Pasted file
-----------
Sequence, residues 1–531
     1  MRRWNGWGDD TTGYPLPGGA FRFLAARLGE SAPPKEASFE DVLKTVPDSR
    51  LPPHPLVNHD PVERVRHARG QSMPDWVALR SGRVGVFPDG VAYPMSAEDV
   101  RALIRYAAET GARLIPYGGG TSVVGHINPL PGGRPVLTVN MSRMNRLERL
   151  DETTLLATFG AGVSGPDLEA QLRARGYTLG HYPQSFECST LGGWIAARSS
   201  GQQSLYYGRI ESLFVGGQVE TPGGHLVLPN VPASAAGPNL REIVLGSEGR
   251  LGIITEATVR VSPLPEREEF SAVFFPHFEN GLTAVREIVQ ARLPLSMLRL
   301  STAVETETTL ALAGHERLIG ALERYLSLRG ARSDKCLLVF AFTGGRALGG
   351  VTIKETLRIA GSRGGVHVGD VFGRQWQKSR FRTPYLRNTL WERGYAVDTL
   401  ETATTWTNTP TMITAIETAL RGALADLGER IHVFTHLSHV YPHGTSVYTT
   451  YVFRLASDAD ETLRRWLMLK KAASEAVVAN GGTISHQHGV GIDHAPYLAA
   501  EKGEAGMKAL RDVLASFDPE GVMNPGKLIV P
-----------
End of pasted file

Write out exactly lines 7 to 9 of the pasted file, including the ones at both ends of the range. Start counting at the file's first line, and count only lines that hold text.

   251  LGIITEATVR VSPLPEREEF SAVFFPHFEN GLTAVREIVQ ARLPLSMLRL
   301  STAVETETTL ALAGHERLIG ALERYLSLRG ARSDKCLLVF AFTGGRALGG
   351  VTIKETLRIA GSRGGVHVGD VFGRQWQKSR FRTPYLRNTL WERGYAVDTL